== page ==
Nuevo Noir is, simply put, ‘Noir’ that is new. Many believe that Noir died with the Age of Aquariu in the late 1960s. Noir was defined in the late 1920s with crime dramas, many of them low budget, poorly written and over acted. In the 1940s and 50s, Noir grew up, with Howard Hawks’ version of “The Big Sleep,” a film taken from Raymond Chandler’s work of the same name. Other writers of Noir were Dashiell Hammett, Eric Ambler, James M. Cain, Earl Stanley Gardiner, and many others.
Noir was defined by blurred values- bad ‘good guys’ and good ‘bad guys’- and was usually shot in black & white. The Noir film often cited as emblematic of the genre is “Out of the Past,” shot in Bridgeport, California, starring Kirk Douglas and Robert Mitchum. In “Double Indemnity” (credit to Chandler), Fred MacMurray plays a creepy, unctuous heavy- to great effect- opposite a tragically vivacious Barbara Stanwyck. Murder,sex, compromise and loss.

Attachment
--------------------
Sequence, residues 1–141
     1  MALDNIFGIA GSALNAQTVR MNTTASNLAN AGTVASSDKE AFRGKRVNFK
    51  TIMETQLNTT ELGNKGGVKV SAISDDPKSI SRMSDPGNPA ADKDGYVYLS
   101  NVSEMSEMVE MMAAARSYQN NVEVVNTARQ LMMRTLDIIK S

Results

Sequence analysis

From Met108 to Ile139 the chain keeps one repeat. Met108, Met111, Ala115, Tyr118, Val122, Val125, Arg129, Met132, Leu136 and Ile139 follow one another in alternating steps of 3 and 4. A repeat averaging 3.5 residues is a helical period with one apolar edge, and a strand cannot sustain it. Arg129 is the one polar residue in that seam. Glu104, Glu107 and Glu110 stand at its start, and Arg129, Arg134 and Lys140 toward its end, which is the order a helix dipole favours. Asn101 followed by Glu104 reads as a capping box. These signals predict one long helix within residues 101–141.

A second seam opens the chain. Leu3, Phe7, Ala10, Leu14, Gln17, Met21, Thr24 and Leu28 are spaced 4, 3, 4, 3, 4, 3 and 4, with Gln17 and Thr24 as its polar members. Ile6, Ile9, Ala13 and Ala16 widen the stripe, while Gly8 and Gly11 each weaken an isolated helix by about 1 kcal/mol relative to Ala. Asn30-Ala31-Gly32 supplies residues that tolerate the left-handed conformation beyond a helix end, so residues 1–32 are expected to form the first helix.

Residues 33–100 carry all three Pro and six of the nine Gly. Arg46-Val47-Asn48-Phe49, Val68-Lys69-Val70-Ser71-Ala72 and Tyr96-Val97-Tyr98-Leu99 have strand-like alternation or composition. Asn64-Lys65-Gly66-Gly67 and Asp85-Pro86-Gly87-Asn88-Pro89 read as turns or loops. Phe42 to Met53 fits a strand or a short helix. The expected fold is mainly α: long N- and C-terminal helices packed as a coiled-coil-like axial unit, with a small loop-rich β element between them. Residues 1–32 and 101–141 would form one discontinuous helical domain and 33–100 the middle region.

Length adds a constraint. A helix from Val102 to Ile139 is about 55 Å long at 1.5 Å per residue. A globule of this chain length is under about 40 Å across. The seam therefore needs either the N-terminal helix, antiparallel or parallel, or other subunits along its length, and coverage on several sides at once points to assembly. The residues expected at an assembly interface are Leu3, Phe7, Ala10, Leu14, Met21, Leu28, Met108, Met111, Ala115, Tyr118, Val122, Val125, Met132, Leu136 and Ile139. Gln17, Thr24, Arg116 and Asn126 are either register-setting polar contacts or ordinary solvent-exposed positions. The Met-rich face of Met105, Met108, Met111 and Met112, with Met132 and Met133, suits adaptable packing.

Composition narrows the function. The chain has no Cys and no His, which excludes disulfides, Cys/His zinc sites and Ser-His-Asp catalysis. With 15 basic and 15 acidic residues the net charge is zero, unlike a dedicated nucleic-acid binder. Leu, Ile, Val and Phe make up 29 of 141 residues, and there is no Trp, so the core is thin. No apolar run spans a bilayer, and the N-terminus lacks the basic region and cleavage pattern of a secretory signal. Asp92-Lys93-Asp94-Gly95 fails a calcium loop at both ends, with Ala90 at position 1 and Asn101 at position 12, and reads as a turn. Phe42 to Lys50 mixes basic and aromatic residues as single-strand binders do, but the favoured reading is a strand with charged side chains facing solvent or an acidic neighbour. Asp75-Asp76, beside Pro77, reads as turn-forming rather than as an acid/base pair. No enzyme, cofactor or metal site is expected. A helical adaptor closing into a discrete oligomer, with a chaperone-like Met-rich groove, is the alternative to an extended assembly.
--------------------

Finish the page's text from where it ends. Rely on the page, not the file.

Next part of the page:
Nuevo noir arose in the 1990s with works by Quentin Tarantino, Martin Scorcese, and others which filled the bill. Noir was reborn in films like “Pulp Fiction”, “Reservoir Dogs”, “Casino” and an obscure Paul Newman film entitled “Twilight,” which is not to be confused with the vampire trilogy.
Nils Grevillius’ effort is to bring forth terse, direct Nuevo Noir to literature and ultimately film.
Please enjoy cautiously.